Tax to be paid
To the nitty gritty of the tax regime. If there is private use you – no matter if you’re an employee or director of the company – will have to pay income tax on the company van. There is an additional tax charge where fuel is provided for private use. On top of that, the company providing the benefit pays Class 1A national insurance contributions at 13.8% on the value of the benefit and must tell HMRC of the benefit via a form P11D.
As to how much you’ll pay, the tax charge is your rate of tax multiplied by the benefit that HMRC sets for the year in question.
For the tax year 2017/18 the van benefit was £3,230 while the van fuel benefit was £610. This means anyone on a 20% tax rate would have paid £646 tax for private use of the van and an additional £122 for private use of company fuel.
The rates for the current tax year – 2018/19 – are £3,350 for the van benefit and £633 for the private use of company fuel. Again, a 20% rate tax payer will pay £670 for using the van and £126.60 for using company fuel.
The company, as we’ve seen earlier, will have to pay Class 1A national insurance contributions at 13.8% on the £3,983 value of the benefits – you’ll recall the £3,350 for the van and £633 for the fuel – a total of £549.65. However, it can set this charge against its tax bill.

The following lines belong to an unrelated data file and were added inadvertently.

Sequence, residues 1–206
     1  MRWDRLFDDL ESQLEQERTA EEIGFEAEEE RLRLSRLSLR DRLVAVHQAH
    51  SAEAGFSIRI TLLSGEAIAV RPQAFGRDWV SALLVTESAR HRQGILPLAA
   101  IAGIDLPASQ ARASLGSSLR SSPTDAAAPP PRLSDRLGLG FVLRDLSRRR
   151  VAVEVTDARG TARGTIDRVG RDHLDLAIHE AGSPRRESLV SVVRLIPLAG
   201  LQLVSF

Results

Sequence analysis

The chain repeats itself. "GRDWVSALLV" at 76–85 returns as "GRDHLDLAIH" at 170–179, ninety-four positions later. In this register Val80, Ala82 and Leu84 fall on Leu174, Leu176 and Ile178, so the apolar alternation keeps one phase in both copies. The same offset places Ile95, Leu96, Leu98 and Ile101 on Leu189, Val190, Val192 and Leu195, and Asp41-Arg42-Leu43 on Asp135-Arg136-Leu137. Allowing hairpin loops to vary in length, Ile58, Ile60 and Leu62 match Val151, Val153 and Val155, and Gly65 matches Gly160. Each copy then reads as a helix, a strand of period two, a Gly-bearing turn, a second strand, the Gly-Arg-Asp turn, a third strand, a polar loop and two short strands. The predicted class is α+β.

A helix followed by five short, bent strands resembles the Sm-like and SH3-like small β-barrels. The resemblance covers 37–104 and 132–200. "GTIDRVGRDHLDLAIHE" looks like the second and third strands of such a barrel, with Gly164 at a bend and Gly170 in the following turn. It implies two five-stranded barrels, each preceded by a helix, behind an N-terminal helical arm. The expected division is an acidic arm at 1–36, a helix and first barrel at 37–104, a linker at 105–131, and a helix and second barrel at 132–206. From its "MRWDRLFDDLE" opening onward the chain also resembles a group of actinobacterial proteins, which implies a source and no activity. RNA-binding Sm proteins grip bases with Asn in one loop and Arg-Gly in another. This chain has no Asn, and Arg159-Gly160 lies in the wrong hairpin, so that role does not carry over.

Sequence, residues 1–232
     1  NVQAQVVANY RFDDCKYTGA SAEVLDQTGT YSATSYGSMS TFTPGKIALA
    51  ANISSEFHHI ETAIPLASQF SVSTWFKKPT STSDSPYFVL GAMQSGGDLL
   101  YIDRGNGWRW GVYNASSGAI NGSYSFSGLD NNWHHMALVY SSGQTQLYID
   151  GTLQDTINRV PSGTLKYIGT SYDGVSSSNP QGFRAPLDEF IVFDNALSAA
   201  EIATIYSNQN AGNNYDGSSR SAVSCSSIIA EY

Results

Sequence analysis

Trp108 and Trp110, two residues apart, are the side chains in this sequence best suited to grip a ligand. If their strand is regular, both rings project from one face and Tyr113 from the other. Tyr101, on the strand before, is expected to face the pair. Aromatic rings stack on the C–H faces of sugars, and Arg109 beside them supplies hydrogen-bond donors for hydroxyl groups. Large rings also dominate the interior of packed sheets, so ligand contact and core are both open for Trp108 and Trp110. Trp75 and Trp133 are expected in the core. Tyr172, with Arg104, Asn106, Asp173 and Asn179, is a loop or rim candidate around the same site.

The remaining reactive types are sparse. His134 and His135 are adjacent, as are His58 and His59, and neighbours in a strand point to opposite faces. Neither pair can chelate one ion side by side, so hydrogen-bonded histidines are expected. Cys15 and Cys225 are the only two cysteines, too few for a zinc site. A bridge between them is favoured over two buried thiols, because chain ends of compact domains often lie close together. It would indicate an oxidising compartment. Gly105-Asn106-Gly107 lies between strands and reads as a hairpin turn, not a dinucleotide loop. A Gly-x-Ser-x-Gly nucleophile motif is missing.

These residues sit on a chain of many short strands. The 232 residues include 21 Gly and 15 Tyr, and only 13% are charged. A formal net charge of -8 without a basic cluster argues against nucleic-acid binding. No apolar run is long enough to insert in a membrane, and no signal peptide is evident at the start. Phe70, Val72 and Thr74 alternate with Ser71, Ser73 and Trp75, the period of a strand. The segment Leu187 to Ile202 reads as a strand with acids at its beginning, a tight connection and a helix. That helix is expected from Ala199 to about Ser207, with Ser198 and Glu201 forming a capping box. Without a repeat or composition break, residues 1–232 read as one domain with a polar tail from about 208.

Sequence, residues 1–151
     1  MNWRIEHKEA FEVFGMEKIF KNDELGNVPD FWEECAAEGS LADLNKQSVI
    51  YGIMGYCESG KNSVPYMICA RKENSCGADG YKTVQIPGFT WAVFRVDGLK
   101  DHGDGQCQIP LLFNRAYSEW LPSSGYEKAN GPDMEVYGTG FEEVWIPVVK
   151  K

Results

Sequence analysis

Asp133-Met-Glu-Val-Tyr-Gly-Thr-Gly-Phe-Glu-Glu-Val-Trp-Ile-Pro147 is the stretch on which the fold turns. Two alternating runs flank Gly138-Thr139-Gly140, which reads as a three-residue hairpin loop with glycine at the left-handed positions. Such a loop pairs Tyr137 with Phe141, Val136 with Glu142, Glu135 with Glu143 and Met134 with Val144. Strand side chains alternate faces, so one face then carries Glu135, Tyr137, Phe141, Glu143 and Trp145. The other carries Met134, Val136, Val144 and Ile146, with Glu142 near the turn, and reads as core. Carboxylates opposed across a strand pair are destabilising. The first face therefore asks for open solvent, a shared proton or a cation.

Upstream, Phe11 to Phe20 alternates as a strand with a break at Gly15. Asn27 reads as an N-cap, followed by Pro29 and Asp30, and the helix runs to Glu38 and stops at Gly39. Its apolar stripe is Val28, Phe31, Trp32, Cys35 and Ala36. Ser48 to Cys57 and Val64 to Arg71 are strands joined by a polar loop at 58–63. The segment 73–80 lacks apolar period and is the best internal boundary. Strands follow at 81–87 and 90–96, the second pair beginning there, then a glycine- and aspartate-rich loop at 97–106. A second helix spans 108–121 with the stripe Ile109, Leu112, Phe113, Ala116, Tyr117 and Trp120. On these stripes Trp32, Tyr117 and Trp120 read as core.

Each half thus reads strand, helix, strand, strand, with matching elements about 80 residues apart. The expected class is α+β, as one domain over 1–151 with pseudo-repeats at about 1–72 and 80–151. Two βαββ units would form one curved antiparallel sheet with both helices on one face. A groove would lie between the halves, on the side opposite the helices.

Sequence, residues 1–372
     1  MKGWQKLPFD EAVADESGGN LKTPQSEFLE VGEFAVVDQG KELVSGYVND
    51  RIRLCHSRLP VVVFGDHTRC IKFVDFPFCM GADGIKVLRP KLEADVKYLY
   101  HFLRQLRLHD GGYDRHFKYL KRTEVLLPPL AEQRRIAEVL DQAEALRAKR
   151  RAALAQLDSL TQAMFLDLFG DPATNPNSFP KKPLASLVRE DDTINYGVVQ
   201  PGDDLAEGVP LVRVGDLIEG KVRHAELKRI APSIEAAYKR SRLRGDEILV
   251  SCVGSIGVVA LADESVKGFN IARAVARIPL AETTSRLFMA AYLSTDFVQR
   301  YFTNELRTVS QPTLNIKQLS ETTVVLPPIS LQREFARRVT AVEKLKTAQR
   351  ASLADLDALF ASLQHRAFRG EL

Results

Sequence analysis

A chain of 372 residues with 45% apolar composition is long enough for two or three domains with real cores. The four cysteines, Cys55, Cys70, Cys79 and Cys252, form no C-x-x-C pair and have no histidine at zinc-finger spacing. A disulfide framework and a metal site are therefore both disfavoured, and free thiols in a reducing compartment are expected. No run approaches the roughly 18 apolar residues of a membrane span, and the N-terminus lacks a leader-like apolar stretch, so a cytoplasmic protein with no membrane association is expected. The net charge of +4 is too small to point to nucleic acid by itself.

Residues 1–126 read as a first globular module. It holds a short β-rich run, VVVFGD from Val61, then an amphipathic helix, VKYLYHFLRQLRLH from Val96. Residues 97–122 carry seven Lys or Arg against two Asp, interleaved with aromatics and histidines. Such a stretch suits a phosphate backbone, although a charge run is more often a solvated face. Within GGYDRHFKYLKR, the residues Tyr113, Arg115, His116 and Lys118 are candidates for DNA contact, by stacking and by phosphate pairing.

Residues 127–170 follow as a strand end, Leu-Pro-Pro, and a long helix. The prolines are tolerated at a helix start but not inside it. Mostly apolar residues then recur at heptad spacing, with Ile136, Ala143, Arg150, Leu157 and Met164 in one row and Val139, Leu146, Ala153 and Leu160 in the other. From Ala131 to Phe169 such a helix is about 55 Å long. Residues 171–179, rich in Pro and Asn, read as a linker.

Zero emission vans
For the eco-friendly company, there are tax savings for using zero emission vans. However, the government is losing too much revenue on this and so is gently phasing the discounted vans benefit charge out between now and the 2022/23 tax year.
The tax charge to be paid was 20% of the normal rate of tax on the van between the 2015/16 and 2017/18 tax years. It’s now 40% of the standard charge for 2018/19 but will rise to 60% in 2019/20, 80% in 2020/21, 90% in 2021/22 and will be the full 100% of the standard tax charge from 2022/23.
VAT and vans (and other commercial vehicles)
Lastly, VAT is an unpleasant extra for most. But luckily, VAT on the purchase price may be reclaimed by a VAT registered business. However, when the van is later sold VAT must be charged on its sale. There is also VAT due on private use of company fuel. But that is a whole other story.
Company Van Tax Calculator: https://www.commercialfleet.org/tools/van/van-tax-calculator
Government website (search for “vans”): gov.uk